Dealing with drink

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Letters to The Irish Times on Monday, August 12

Sir, – Your Editorial (“Dealing with drink”, August 2nd) makes for depressing reading for the many people in Ireland who are hoping for Government action aimed at tackling alcohol misuse – one of the most serious social problems facing the country at this time. As you correctly pointed out, the core issue relates to the fact that the drinks industry in Ireland continues to target the young and impressionable by linking sport and physical prowess with alcohol consumption. You also note it is five years since a government task force recommended, among other measures, a ban on outdoor advertising and a phasing out of sports sponsorship by the drinks industry; but it will be at least 2020 before the process of phasing out sports sponsorship is completed.

It beggars belief that the drinks industry is still allowed to stymie an action that would help to protect the most vulnerable citizens. In contrast to other nations that have taken measures to protect their populations by curtailing the promotion of alcohol, successive Irish governments have shied away from taking action on an issue that is of central importance to the lives of its citizens.

The World Health Organisation recently pointed to the fact that the OECD countries that impose a ban on alcohol advertising have significantly lower alcohol consumption and lower numbers of traffic fatalities than countries that do not impose advertising restrictions. Yet, in a year in which drink-related traffic accidents among young people are on the increase, our Government continues to bow to the dictates of a very powerful industry.

Between now and 2020, how many more young people will die as a result of traffic accidents and how many will be disabled for life; how many will be killed or injured as a result of drink-related violence; how many children will be scarred psychologically by drink-related domestic violence? For a Government that prides itself on “grasping nettles”, it might be time to ponder on these questions. – Yours, etc,



Co Mayo.

Sir, – In your Editorial “Dealing with drink” (August 2nd), the lack of action in addressing “Ireland’s drink problem” is considered.

Contrast this with the situation in the UK where a new alcohol strategy has recently been finalised by the UK government. As is the case in this country, the UK government wants to address alcohol misuse. The UK proposals followed a detailed consultation process and were agreed and supported by all government departments, including health, as representing an evidence-based and proportionate approach on the measures that will be most effective in tackling misuse.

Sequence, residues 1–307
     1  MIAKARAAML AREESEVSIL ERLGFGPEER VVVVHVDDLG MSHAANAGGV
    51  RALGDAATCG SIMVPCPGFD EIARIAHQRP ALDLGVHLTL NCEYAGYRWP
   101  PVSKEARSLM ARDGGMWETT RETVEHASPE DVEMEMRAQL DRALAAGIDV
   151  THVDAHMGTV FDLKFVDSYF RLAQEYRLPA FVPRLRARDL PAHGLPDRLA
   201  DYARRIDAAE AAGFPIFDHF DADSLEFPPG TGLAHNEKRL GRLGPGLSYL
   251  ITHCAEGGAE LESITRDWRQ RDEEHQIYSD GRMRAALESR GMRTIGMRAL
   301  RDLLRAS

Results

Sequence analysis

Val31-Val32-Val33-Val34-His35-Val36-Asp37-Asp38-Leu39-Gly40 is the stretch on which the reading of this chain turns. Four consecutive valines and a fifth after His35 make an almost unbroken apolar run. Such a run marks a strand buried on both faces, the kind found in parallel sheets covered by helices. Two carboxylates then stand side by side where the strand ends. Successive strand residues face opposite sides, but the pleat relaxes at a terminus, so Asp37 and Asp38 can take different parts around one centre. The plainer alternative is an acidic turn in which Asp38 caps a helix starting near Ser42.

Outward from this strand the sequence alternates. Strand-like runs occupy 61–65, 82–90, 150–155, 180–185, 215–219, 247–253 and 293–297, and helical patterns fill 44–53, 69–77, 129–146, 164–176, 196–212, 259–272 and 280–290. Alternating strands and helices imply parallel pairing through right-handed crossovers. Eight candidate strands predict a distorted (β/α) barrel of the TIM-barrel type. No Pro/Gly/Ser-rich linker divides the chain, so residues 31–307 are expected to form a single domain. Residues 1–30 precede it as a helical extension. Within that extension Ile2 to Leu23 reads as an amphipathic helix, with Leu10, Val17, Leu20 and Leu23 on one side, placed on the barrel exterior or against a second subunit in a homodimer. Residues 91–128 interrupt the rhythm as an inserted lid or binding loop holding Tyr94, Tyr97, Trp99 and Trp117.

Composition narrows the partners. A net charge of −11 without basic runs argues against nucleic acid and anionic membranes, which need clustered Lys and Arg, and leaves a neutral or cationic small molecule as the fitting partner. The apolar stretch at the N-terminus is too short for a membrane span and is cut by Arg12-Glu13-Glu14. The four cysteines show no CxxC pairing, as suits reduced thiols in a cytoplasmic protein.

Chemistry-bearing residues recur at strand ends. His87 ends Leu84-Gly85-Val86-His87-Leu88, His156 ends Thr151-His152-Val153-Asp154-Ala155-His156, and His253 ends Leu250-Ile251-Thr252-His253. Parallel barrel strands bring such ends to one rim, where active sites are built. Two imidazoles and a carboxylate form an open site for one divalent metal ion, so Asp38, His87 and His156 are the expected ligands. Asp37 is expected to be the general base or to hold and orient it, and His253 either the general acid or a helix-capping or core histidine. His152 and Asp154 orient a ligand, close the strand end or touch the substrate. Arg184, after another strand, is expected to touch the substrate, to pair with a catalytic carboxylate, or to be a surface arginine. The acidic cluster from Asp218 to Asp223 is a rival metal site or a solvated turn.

The key measures in its new strategy include the decision to strengthen the co-regulatory and mandatory codes of practice around the sale, availability and promotion of alcohol. It has been decided not to pursue minimum pricing but to instead proceed with a ban on below-cost selling, at a level of duty plus VAT.

The UK government concluded it had listened to the evidence and arguments put forward in response to the consultation, stating its belief that the government response is “proportionate without penalising responsible drinkers”.

Meeting the requirements laid out in the strategy will present the industry in the UK with significant challenges, but it has committed to working with the British government on the collaborative and co-regulatory agenda it set out last week.

The British government did not consider the introduction of bans on sponsorship and certain advertising, as urged by some groups, on the basis of a complete lack of evidence as to their effectiveness.

The drinks industry in Ireland is committed to working with all stakeholders to reduce misuse, and we have shown this through our multi-million euro investment in awareness programmes, our adherence and support of some of the strictest marketing codes and practices in the world, and our new proposals on a further strengthening and tightening of that regulatory environment.

We have sought to engage with legislators to agree a strong collaborative approach where all codes are placed on a statutory footing. Unfortunately, many of the current proposals are ill-advised, not evidence-based and will lead to the potential loss of thousands of jobs and the decline of one of Ireland’s most important indigenous export industries. Most crucially, many of the current proposals will not effectively address the core issue of alcohol misuse.

We should look to our nearest neighbour to see how an inclusive strategy to address the misuse of alcohol can have a meaningful impact. – Yours, etc,



Alcohol Beverage

Federation of Ireland,

Baggot Street, Dublin 2.

Sir, – President Obama comes to Ireland. He’s taken to a pub where he drinks a pint. Pictures are beamed all over the world. Queen Elizabeth comes to Ireland. She’s taken to the visitors’ centre of a brewery. She’s offered a pint, at which she smiles politely. More pictures are beamed all over the world. Mrs Obama and her daughters come to Ireland. They’re given lunch in a pub. Still more pictures are beamed all over the world. The Dáil sits late to vote on one of the most important pieces of legislation to come before it in recent times. The Dáil bar stays open to keep our legislators lubricated. The troika comes to town to make sure there’s no let-up in austerity and are entertained in a pub – where else?

Now it appears that the powers-that-be want to ban sponsorship of sport by drinks companies. Am I missing something here? – Yours, etc,



Co Kildare.